Gran Turismo 2 is a bit difficult. You won't just breeze through it. But, if you like racing, this means you'll have hours and hours of gameplay. (And, if you find it REALLY difficult, you might need to start over with a better car. I would highly recommend the... whoops! You'll need to check out my Drivin' School for that. If you need that info, you'll probably be helped by the rest of it as well...)


Game Mechanics:
One of the first things that HAS to be mentioned is the fact that Gran Turismo 2 is TWO separate games. First, the Arcade mode disc is a stand-alone game, and the Simulation mode is too. If you only like one or the other, you'll never need the other disc. Second, the number of vehicles you can choose from is staggering (read 'great') and look good. The graphics engine is excellent, and there are lots of cars to show off. The physics of the game are extremely realistic, as they were in the original Gran Turismo, and if anything, seem to be more 'detailed, meaning that you can adjust the handling and performance more finely than before. This also means that the slightest difference in angle and speed can greatly improve your performance in a curve.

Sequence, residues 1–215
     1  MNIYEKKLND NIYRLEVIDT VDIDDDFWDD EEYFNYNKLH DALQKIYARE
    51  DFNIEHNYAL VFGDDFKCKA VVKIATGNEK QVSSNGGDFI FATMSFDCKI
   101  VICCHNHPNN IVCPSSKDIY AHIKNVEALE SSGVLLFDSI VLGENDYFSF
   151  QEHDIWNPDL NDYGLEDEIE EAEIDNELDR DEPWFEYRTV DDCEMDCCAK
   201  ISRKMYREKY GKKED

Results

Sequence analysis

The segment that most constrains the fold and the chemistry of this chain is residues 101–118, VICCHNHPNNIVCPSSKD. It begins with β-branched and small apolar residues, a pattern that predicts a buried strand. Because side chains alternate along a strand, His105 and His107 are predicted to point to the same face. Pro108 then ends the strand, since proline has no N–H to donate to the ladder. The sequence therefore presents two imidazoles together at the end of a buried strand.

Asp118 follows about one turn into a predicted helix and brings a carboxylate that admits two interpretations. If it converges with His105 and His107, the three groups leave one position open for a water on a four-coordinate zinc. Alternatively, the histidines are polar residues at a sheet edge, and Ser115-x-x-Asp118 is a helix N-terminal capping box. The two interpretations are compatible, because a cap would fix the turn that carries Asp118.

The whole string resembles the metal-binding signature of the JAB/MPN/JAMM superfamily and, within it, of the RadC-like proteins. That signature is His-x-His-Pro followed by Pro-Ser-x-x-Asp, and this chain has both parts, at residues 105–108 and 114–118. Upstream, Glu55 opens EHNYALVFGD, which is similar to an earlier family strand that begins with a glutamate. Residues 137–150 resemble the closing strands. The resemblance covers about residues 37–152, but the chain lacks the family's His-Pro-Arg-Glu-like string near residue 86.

Also, this time out, Gran Turismo 2has attempted to take on a couple of specialty racing genres. Not only does it have a superb Simulation mode, and an Arcade mode that rivals other arcade-style racing games, but GT2 also has some specialty races that others have made entire games about... such as the 'Beetle Challenge,' available from the VW dealership if you buy a Beetle, and the Rally races, available in Arcade mode, or if you buy Dirt Tires in Simulation mode. Unbelievable! Finally, if you were an avid GT fan, you can convert your licenses and save the task of doing them over. Nice.

Gran Turismo 2 is the sequel that actually improves on the ground-breaking, previously unparalleled Gran Turismo... and then some. The only thing I could gripe about is the 'forced' replays. You don't have to watch them, but they're going to at least start.


-Geck0, GameVortex Communications
AKA Robert Perkins